Gibbs museum seeks funds for learning center

by Tom Ford

During the 1830s Jane Debow was raised near Fort Snelling by missionaries working among the Santee Dakota people in the region.

Often acting as an interpreter for the tribe, she made friends with the children and learned about and adopted much of the Dakota culture.

In 1849 she returned to the area with her husband Heman Gibbs after they bought a plot of farmland on what is now Falcon Heights.

There Debow renewed her contact with the Dakota. For several years, Dakota friends would visit her on their way to gather wild rice, pitching their teepee on her farm and staying for weeks at a time.

Culminating efforts to incorporate that history at the Gibbs Museum of Pioneer and Dakotah Life, the Ramsey County Historical Society will request 2002 state bond money to add an interpretive center to the museum.

“This site owes a lot of its significance to the Dakota people,” said Gabrielle Strong, a Dakota descendant and member of the museum’s Native American Advisory Board.

Priscilla Farnham, RCHS executive director, said under current plans the center would provide space for classrooms, exhibits and artifact storage, which the museum currently lacks. It would also allow the museum to stay open the entire year.

Those benefits, Farnham said, could give visitors a “hands-on learning experience” and also increase annual museum attendance from approximately 20,000 to approximately 30,000 people.

“The center is the last phase of a very long plan,” Farnham said.

In 1995 the museum conducted an archaeological investigation in conjunction with the University to unearth the sod house where the Gibbses first lived.

The investigation, Farnham said, convinced the museum to incorporate more of the site’s pre-1900 history and triggered a year-long study to determine how to interpret the early 19th century history.

“(The NAAB) played a defining role in the outcome of the museum’s plans,” she said. Over the past four years, the museum has completed several projects depicting the Dakota presence.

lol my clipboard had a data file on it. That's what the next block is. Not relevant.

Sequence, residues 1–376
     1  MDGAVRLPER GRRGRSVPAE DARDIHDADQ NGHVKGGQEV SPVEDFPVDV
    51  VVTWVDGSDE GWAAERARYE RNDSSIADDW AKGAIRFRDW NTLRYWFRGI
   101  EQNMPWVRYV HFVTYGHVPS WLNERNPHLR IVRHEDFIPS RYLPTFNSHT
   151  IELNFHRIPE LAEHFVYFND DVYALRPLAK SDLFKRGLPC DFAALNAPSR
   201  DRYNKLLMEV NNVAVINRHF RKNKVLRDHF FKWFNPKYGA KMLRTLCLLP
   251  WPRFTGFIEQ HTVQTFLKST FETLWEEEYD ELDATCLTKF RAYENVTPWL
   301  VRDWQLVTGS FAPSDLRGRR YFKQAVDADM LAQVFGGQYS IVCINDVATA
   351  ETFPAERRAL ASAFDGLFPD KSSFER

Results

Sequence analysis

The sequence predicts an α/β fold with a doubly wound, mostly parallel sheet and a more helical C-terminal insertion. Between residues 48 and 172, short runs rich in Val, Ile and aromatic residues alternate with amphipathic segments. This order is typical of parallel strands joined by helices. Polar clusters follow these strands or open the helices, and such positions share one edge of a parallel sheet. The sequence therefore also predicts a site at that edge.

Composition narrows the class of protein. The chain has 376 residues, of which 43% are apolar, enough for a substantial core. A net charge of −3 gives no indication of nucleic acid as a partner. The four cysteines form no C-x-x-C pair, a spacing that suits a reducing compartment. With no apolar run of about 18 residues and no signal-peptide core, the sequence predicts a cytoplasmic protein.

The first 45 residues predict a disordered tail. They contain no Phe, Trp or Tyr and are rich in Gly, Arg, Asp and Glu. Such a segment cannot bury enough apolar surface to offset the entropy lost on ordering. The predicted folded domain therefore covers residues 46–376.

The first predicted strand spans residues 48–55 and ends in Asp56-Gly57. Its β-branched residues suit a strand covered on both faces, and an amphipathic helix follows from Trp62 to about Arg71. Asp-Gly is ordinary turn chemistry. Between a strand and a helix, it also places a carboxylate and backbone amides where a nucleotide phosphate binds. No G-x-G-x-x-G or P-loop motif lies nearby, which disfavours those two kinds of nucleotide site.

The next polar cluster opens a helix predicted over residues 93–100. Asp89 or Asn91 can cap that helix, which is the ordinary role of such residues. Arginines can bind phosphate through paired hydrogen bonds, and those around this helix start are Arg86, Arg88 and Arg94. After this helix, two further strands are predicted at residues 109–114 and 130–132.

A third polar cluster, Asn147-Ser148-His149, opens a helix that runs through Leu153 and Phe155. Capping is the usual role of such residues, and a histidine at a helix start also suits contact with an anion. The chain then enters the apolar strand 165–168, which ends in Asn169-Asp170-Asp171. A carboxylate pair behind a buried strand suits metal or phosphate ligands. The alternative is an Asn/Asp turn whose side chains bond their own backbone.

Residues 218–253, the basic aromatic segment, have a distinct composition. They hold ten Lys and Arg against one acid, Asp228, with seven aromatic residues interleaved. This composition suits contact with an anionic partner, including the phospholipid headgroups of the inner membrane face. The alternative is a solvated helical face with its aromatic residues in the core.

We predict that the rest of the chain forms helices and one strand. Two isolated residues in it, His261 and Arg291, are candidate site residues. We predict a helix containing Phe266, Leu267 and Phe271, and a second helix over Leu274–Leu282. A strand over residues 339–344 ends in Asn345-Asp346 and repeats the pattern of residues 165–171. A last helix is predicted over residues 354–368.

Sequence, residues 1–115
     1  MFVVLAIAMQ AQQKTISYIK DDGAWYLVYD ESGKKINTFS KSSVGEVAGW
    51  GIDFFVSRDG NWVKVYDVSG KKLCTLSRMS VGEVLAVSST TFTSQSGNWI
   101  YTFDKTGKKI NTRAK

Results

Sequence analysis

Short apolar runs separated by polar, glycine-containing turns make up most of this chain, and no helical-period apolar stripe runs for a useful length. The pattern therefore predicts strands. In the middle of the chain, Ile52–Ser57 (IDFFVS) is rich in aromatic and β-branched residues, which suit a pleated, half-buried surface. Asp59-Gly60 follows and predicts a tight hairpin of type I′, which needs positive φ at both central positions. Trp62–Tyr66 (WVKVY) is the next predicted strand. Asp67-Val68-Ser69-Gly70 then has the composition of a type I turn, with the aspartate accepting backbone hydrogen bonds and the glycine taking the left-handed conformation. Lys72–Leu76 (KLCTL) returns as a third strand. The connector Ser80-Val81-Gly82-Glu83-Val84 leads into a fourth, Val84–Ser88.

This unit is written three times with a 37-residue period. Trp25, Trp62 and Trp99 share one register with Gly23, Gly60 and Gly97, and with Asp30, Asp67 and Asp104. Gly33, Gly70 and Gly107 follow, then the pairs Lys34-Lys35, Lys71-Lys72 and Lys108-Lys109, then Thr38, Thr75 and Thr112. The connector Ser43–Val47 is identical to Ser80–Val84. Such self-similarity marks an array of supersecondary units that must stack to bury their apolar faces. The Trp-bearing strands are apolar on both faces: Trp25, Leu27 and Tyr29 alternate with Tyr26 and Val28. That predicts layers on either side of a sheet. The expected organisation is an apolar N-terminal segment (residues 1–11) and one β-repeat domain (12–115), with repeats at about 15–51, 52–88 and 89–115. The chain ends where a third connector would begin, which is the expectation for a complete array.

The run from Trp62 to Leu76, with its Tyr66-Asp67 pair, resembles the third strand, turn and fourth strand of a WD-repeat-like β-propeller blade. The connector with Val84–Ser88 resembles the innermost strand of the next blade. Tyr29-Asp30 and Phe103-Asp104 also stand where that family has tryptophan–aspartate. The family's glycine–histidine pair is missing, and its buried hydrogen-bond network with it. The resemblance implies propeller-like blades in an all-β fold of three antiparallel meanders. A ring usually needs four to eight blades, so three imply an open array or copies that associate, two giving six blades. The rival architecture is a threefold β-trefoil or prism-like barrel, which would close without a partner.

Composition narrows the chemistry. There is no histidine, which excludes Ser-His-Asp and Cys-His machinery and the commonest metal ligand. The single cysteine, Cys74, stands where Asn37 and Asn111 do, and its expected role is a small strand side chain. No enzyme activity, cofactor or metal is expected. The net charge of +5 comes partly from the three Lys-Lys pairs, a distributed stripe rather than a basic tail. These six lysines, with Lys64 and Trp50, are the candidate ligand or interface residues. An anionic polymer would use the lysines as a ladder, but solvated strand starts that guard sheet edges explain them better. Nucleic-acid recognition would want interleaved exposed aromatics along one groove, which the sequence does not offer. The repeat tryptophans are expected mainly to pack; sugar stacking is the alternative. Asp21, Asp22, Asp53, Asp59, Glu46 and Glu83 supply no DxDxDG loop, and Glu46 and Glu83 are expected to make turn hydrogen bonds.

Among the recent additions are a traditional Dakota garden, Dakota-style teepee and bark lodge replicas, and a replica of the trail that ran across the farm.

NAAB board member Gary Cavender said these projects demonstrate the friendly relations between the Gibbs family and the Dakota people.

In a measure approved last Tuesday by Ramsey County, the RCHS will seek $137,500 to hire consultants and begin designing the center, Farnham said.

The request will have to compete with many other 2002 funding proposals.

Peter Sausen, state assistant commissioner of finance, said bond requests already total approximately $1.5 billion, and it’s unlikely the Legislature would approve all the money.

If the request is approved, Farnham said, the RCHS will need to match the state funding through a campaign drive, which would be larger than any previous RCHS campaign.

“It’s never easy to raise money,” she said. “But I’d guess we can do it.”

If that money is raised, Farnham said, the RCHS plans to request state bonds again in 2004, amounting to approximately $1.5 million for actual construction of the building. She said completion of the center is several years away.

Still, NAAB member Strong said a center could contribute to increased awareness of the state’s history.

“Minnesota history has been really neglectful of Indian history,” Strong said.

She said most history museums across the state do not tell much about American Indian people, and few get the chance in school or in books to learn of the presence and influence of American Indians.

The RCHS efforts and its partnership with the Dakota community, she said, are unique and should be emulated by other historical societies and groups.

“This is a start, and I hope this helps change how Minnesota history is told,” Strong said.


Tom Ford covers St. Paul and welcomes comments at [email protected]